As if the fiasco generated by the release of Windows 10 version 1809 wasn’t enough, the first cumulative update for the October 2018 Update is also creating significant issues on users’ computers, including the infamous Blue Screen of Death (BSOD).
At first glance, it looks like cumulative update KB4464330 BSOD glitches mostly hit HP computers, though I’ve seen users claiming the same problem exists on other hardware configuration too.
In all cases, computers crash with an WDF_Violation error after installing this month’s cumulative update on Windows 10 October 2018 Update, and the BSOD shows up right when loading the operating system.
In other words, it’s impossible to log in to the desktop and remove the update, so without further assistance, a number of users, beginners in particular, could end up having a completely broken down system.
Fortunately, even if access to the desktop isn’t available, you may still be able to resolve the issue, at least until Microsoft officially acknowledges the problem.
Because no, Microsoft hasn’t said anything about this bug and although it claims it’s investigating, no workaround has been provided. Furthermore, the official KB page of cumulative update KB4464330 still indicates there’s no known issue hitting the patch.
Both recovery methods rely on the troubleshooting menu that you can use before logging into Windows. This screen typically shows up when the computer crashes, but you can also access it manually by pressing the power button during the boot sequence or various methods that are specific to each computer (check your device manufacturer’s page for info in this regard).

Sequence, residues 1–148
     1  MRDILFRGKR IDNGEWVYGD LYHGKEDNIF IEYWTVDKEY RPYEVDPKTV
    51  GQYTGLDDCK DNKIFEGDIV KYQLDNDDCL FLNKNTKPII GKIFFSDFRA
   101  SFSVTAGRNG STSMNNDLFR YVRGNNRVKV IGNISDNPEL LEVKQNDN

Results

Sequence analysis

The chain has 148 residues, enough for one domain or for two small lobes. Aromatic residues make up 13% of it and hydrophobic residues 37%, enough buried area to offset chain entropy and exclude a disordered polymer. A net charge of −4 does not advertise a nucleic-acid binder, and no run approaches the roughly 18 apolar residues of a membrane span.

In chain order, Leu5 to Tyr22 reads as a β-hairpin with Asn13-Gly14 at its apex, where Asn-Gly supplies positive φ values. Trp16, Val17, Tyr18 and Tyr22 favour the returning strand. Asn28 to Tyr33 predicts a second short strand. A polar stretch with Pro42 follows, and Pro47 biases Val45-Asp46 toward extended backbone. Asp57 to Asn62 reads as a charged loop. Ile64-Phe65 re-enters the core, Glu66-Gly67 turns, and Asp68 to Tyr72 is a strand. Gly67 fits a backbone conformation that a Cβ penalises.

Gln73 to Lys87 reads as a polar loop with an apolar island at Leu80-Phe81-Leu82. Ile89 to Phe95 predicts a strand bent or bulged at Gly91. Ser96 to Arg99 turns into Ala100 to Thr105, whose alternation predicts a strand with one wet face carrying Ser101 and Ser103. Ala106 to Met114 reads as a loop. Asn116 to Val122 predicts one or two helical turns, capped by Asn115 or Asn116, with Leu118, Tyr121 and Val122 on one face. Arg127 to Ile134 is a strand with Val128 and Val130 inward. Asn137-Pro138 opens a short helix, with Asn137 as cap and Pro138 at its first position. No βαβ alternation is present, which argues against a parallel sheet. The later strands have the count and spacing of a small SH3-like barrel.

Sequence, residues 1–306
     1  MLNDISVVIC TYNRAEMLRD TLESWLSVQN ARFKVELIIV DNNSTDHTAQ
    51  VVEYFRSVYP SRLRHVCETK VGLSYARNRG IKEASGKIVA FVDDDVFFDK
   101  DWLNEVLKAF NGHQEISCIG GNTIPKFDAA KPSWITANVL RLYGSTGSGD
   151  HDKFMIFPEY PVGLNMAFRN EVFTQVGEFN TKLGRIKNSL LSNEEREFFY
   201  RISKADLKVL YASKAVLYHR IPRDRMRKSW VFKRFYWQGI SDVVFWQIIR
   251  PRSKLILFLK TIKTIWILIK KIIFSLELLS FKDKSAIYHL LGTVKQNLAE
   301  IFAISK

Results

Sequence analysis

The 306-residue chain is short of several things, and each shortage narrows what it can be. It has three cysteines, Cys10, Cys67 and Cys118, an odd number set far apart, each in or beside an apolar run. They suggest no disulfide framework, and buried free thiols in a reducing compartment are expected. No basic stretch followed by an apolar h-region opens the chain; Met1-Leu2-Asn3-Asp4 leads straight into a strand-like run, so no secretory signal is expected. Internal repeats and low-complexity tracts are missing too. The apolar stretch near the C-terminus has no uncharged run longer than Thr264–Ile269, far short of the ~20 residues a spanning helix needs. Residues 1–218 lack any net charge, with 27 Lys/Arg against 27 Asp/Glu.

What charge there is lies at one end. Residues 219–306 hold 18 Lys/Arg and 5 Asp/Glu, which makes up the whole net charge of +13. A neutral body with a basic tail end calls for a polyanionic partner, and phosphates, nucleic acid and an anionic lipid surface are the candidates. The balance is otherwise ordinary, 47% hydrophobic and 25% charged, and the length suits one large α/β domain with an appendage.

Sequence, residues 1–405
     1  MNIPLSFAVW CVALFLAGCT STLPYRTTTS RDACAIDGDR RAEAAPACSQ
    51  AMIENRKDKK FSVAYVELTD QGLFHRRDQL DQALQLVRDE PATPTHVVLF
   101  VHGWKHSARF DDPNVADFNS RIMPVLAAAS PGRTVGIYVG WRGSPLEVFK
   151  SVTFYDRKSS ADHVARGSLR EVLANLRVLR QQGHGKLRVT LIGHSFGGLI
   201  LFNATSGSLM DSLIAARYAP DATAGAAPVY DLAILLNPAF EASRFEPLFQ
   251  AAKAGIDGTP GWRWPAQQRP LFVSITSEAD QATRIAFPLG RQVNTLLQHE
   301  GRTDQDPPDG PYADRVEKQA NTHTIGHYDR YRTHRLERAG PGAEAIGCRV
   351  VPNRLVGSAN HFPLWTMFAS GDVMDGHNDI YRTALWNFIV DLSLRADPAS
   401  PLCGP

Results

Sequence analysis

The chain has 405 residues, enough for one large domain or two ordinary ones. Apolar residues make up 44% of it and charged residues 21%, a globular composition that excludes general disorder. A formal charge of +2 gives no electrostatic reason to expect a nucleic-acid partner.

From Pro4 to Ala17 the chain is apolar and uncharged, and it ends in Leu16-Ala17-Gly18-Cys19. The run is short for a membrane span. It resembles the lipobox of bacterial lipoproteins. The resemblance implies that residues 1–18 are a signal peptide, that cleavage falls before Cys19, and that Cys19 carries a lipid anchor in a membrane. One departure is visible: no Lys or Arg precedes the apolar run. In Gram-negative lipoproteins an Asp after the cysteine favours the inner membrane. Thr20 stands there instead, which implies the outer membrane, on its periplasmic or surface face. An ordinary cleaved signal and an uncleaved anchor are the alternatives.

Option 1: Safe Mode and update removal
Once you access the troubleshooting screen, there are two options that you can use, and the first is booting into Safe Mode and then removing the update.
To do this, you need to go Troubleshoot > Advanced Options > Startup Settings > Safe Mode and then log into Windows with an administrator account.
Once logged in, head over to Settings > Update & security > Windows Update > View update history > Uninstall updates and look for KB4464330. Right-click this patch and then click uninstall.
Reboot your system and let it load Windows 10 normally. You should now be able to log into the PC without a BSOD occurring at boot.
Option 2: Advanced troubleshooting
We’re hearing from users that logging into Windows in Safe Mode doesn’t work either, with a BSOD breaking it down too, so in this case, the workaround is a bit trickier.
In the same troubleshooting menu, head over to Advanced startup > Troubleshoot > Advanced options > Command Prompt and then type the following commands one by one:
ren HpqKbFiltr.sys HpqKbFiltr.sys.old
Your system should then reboot and loading Windows should work correctly, again without the BSOD happening at boot.
NOTE: The second method is specifically aimed at HP devices, and if you run these commands on a different computer, you may not be able to find the indicated files.
If you have created a restore point before installing the cumulative update, which appears to become a must-do every once in a while on Windows 10 computers, you can also restore to it and then block KB4464330 from re-installing.
Given that Microsoft hasn’t yet acknowledged the issues experienced with this cumulative update, it’s not known exactly when and if a fix is planned, so make sure you give these workarounds as try. If nothing works, you can also go for a clean-install or in-place upgrade, but needless to say, this involves more work and backing up data on the local drives.